Should Jackie Robinson's widow, Rachel Robinson, go to Estadio Latinoamericana in Havana on Tuesday, she'll see a game at the same site where her husband played 69 years ago just before breaking baseball's color barrier.
Rachel Robinson and her daughter, Sharon, traveled to Havana Sunday aboard Air Force One for President Obama's historic visit to Cuba, including Tuesday's exhibition game between the Tampa Bay Rays and the Cuban national baseball team.
Jackie Robinson's groundbreaking 1947 major-league season began with spring training in Cuba as a member of the Brooklyn Dodgers' Class AAA Montreal Royals farm team, playing games at what was then called El Gran Stadium.
As a kid growing up in Cuba in the 1940s and '50s, my father, Cesar, attended games there, watching his favorite team, Almendares, one of Havana's four professional baseball teams that played in the Cuban League every winter.
The Cuban League, which debuted in 1878, had been integrated since 1900 with white major- and minor-league players having Negro League players and black Cubans as teammates every winter.
It was the reason then-Dodgers' president Branch Rickey relocated the team's spring training base from Jim Crow-era Daytona Beach, Fla., to Havana in 1947 as he prepared to elevate Robinson to the majors.
My father didn't get the chance to see Robinson play in Cuba, but he saw many others, including future Hall of Famers Ray Dandridge, Monte Irvin and Tommy Lasorda and a then-little known Dodgers minor league player named Kevin Connors, who would go on to find more fame as Hollywood actor Chuck Connors in The Rifleman.
When I was a kid, I would listen to my father's stories about the different American players — both black and white — who would play in Cuba each winter. Those stories fueled my interest in Cuban baseball history, an interest that was heightened once I learned that Robinson's history-making season began in Cuba. I spent years seeking out those players to chronicle their experiences.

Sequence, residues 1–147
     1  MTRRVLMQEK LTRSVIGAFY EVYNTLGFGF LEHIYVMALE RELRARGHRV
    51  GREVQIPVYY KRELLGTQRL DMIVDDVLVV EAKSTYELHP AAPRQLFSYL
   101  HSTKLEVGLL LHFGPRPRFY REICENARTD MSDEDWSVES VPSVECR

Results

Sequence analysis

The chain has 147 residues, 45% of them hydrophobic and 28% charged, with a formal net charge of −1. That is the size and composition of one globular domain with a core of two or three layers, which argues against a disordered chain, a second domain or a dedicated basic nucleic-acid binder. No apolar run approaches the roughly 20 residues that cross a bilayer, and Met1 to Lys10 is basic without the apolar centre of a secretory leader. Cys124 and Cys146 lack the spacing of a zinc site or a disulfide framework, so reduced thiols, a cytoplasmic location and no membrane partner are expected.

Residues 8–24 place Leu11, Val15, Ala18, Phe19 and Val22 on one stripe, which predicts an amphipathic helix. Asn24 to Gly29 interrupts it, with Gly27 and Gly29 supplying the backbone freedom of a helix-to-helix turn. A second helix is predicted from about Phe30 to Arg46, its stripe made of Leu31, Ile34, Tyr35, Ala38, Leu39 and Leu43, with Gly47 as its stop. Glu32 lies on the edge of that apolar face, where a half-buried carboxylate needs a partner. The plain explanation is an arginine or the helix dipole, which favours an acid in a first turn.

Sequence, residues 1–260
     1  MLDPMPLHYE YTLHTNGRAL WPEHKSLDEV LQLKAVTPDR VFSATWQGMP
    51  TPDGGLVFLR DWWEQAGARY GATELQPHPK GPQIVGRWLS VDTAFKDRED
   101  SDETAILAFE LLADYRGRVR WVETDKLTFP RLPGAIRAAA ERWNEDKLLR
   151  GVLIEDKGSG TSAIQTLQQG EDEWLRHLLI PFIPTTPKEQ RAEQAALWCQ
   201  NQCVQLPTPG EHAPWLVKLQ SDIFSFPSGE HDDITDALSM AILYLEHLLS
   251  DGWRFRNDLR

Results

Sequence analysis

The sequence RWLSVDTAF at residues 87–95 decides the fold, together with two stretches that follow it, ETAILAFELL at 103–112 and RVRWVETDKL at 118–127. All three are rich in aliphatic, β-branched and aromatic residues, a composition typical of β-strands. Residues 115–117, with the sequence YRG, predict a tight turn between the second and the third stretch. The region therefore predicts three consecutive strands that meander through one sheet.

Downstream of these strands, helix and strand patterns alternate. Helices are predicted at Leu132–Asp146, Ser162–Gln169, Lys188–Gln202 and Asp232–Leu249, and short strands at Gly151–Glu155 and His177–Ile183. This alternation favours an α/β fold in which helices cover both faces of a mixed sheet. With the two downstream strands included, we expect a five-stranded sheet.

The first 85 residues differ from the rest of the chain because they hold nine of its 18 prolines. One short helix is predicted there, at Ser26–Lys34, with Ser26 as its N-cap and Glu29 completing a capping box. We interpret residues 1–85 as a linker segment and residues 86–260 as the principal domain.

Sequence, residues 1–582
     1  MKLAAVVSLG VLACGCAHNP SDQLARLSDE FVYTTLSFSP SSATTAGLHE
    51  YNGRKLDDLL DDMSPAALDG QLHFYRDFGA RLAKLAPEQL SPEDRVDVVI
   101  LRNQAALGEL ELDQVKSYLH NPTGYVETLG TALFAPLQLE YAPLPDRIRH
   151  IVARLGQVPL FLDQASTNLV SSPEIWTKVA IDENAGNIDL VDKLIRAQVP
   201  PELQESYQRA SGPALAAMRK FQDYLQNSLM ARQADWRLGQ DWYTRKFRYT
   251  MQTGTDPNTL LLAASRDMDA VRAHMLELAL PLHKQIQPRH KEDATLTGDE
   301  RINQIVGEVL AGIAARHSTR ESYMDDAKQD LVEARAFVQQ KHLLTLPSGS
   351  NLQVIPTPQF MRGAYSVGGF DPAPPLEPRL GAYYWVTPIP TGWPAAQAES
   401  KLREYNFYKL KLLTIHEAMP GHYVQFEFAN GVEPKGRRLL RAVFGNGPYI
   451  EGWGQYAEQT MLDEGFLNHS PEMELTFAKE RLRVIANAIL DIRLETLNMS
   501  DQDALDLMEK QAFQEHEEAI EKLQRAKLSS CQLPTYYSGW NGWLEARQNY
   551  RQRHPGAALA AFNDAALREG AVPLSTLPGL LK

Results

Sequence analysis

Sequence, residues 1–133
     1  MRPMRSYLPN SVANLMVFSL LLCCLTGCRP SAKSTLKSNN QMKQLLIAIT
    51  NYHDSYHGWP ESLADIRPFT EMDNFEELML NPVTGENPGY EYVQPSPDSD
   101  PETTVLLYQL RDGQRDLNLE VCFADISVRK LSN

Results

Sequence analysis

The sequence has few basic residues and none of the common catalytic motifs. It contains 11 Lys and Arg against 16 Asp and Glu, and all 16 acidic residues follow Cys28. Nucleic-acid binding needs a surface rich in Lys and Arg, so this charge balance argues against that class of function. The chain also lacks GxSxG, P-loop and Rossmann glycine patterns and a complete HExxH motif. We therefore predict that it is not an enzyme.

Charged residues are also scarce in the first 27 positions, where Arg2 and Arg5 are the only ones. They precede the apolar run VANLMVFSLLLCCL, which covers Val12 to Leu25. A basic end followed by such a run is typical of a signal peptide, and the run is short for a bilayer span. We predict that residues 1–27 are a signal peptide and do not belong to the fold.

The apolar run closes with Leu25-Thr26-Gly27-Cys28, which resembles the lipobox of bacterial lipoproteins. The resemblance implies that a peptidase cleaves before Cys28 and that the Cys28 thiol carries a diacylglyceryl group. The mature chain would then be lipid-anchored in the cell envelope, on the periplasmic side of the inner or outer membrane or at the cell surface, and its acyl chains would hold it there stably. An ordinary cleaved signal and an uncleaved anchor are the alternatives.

Dodger pitching great Don Newcombe was one of the many I have spoken to over the years. He was in Cuba with Robinson, along with Roy Campanella and Roy Partlow, as teammates on the 1947 Royals team in spring training.
While the Dodgers stayed at Havana's opulent Hotel Nacional, the Royals were housed and trained at the Havana Military Academy, about 15 miles outside the city. Rickey, perhaps out of an abundance of caution, housed Robinson and his other African-American teammates at the Hotel Los Angeles, a place one newspaper described as "a musty, third-rate hotel” that looked "like a movie version of a waterfront hostelry in Singapore."
Newcombe once told me the story of how he was stopped in the lobby of the exclusive Hotel Nacional when he went to talk to Rickey.
"One (white) bellhop
put me out of the lobby," Newcombe said. "I told him I had to see Mr.
Rickey with the Dodgers. I was allowed to go to the house telephone and
call Mr. Rickey to get permission to go up to his room to see him.”
Newcombe was with the Cincinnati Reds in 1959, when his team played a pair of spring training games in Havana against the Los Angeles Dodgers. It was the last time any major-league team played in Cuba until the Baltimore Orioles visited in 1999. The practice of Americans playing in Cuba ended in the early 1960s after Fidel Castro came to power.
Like many Cubans, my father fled his home country after the revolution, forced to give up his job and his home after he applied for permission to leave for the USA. I was only 5 months old when my family left Cuba in 1965.
My father has refused to go back, fearful because he managed to escape despite being of military draft age at the time. My mother, Maria, returned in 1980, spending a month on a ship in Mariel harbor before finally being able to return with her brother and his family.
I've never been back, but I long to. I've always longed to see the land of my birth. But, most of all, I long to go to see baseball games in Cuba. I long to go to the "Esquina Caliente" — the "Hot Corner" at Havana's Parque Central, where people still gather as they have for decades to talk baseball. And I long to walk into El Gran Stadium, just as my father did as a die-hard Almendares fan so many years ago.
Watching on television as Air Force One landed in Cuba on Sunday, my one thought was, "It's time."
Brioso, a digital producer for USA TODAY Sports, is the author of Havana Hardball: Spring Training, Jackie Robinson and the Cuban League